Written specially for Vikalp Sangam
An interview with Binalakshmi Nepram on how women in Manipur are building peace and advocating to end militarization in a state awash with guns and drugs.
Weaving is among the traditional arts of women in Manipur and is one of the sources of livelihood for survivors of gun violence. Photo credit: Rucha Chitnis.
Mumtaz Begum had pinned her hope on the Supreme Court of India to deliver justice. “I feel optimistic,” she said. “Those who killed my husband should be brought to justice. This is the only way we can stop other innocent people from losing their lives.” On March 7, 2009, Azad Khan, a respected lecturer, was killed in an encounter in Manipur. “I lost my sanity. Those were dark days for me and my five children,” shared Mumtaz.
In her grief, Mumtaz connected with Manipur Women Gun Survivor Network, an advocacy group that serves women widowed and bereaved by gun violence from state and non-state actors. She found community with other mothers, wives and sisters, who had lost their male relatives to such encounters with the army and police. Mumtaz also connected with Extrajudicial Execution Victim Families Association (EEVFAM), which filed a petition in the Supreme Court of India to investigate 1,528 cases of alleged fake encounters in Manipur.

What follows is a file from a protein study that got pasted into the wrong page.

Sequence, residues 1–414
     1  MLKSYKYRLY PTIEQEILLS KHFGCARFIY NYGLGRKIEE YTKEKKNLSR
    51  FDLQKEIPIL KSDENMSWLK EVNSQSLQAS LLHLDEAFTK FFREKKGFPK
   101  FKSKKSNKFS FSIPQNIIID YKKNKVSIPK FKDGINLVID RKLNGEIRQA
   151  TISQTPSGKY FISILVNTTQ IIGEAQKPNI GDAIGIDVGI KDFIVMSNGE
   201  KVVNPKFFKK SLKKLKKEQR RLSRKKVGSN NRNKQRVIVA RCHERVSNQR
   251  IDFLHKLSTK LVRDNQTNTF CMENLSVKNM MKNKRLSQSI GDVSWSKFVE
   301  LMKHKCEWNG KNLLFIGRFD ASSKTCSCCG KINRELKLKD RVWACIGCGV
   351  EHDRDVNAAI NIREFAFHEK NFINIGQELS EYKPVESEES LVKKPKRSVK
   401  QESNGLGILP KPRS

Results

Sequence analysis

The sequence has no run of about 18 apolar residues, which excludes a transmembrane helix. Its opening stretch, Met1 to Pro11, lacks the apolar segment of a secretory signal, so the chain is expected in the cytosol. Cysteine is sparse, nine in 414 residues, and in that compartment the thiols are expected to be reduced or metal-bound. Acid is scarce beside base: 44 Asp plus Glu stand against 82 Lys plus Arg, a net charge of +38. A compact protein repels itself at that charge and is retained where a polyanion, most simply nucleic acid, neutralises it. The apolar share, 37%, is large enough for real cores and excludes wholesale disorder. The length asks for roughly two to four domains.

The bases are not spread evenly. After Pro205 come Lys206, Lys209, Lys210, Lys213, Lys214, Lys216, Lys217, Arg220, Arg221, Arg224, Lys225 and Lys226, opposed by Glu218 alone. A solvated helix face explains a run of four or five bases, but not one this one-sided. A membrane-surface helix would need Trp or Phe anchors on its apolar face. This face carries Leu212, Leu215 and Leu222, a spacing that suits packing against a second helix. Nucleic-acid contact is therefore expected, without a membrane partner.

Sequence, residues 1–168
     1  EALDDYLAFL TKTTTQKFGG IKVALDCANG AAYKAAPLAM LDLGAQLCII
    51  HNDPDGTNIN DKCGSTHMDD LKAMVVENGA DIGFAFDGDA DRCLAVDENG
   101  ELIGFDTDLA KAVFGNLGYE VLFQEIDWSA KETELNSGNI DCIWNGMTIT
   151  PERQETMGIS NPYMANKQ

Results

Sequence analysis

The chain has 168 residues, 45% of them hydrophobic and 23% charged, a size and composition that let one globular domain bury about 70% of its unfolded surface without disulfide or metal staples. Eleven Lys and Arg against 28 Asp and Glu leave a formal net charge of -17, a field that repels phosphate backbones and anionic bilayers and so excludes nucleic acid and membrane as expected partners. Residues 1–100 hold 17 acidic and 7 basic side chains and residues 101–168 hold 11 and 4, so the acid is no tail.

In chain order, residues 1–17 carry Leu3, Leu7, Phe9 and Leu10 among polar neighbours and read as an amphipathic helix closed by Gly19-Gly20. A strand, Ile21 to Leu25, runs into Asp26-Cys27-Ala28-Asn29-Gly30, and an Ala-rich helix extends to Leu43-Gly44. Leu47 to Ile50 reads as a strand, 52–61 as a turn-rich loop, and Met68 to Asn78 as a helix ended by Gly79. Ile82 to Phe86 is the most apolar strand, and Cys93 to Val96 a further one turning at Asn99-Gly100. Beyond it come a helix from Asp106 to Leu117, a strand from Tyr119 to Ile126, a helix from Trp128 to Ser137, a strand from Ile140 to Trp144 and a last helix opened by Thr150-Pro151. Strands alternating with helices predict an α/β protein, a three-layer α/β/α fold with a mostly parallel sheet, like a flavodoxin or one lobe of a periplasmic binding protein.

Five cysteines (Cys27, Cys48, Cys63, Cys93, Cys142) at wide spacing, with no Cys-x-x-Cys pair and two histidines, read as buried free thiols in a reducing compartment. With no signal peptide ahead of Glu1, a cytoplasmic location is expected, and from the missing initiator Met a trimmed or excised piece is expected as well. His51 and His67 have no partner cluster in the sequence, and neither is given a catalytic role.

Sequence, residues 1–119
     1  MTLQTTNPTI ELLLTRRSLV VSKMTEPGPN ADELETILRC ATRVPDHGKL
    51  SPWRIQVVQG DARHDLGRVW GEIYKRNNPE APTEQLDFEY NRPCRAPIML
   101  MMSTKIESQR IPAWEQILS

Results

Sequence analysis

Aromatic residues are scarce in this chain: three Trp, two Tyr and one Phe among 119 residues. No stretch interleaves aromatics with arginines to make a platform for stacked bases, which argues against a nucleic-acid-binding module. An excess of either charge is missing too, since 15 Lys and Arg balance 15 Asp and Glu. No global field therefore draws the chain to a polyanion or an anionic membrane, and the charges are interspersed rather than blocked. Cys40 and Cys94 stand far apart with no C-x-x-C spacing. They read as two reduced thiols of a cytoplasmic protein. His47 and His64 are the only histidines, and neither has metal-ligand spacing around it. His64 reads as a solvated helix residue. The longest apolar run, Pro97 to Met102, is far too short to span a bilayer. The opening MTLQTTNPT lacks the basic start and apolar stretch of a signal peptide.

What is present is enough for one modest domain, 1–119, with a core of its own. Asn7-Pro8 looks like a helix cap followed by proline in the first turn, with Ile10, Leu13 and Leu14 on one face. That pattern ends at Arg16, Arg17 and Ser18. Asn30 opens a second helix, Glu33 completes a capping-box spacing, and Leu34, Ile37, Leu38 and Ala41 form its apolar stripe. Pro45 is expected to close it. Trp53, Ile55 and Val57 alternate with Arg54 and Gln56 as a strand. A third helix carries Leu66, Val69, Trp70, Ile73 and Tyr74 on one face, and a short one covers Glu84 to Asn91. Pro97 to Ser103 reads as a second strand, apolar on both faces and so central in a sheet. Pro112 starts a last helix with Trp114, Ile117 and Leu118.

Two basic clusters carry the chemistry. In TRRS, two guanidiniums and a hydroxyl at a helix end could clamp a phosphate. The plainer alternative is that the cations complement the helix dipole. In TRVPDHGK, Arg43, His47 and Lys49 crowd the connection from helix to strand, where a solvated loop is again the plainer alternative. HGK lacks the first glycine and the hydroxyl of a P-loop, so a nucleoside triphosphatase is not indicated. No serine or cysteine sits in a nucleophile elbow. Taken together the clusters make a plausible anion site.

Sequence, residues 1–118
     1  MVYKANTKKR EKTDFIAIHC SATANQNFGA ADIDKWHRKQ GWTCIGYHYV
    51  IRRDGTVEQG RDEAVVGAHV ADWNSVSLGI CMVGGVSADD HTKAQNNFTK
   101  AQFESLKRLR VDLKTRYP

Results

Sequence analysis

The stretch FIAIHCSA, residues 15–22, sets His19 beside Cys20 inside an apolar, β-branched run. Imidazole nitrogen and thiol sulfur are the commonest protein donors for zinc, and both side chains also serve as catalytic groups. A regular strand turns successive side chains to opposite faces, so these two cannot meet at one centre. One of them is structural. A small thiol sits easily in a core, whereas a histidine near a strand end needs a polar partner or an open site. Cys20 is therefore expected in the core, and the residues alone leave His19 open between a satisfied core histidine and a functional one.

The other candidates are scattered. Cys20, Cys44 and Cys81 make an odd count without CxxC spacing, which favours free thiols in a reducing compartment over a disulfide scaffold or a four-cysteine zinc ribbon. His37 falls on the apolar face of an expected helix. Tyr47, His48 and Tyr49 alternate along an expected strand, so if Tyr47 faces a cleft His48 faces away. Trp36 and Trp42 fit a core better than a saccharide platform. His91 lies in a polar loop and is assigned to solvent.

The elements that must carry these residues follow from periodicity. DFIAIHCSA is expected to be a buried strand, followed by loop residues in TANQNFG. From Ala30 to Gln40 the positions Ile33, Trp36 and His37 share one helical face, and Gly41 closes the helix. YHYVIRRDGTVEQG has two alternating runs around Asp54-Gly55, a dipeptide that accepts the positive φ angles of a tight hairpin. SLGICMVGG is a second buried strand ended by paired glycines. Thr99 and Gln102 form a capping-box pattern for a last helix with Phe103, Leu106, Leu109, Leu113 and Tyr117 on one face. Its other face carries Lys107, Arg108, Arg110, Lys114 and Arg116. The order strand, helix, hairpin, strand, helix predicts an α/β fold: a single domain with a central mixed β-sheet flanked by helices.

Mumtaz, a gun widow, continues to fight for justice for the extrajudicial killing of her husband. Photo credit: Rucha Chitnis
“The Armed Forces Special Powers Act (AFSPA) is a failure of India’s policy in the northeast,” said Binalakhsmi Nepram, founder of Manipur Women Gun Survivor Network (MWGSN). “Since AFSPA, the number of militant groups has increased, not decreased in Manipur and the number of casualties has soared.” Human rights advocates have deemed AFSPA as a draconian act that gives special powers to Indian armed forces in places deemed as disturbed.
Nepram is a prominent disarmament and peace activist from Manipur. “There are nearly 20,000 gun widows in Manipur,” she said. This staggering number of widows and ongoing violence faced by women and girls in the state led her to found the Manipur Women Gun Survivors Network in 2004. The network offers livelihood opportunities for women, who are survivors of gun violence and connects them with psychosocial support and counseling. Mumtaz is now an integral part of the core team and supports their outreach activities for women who are traumatized by the violence of militarization.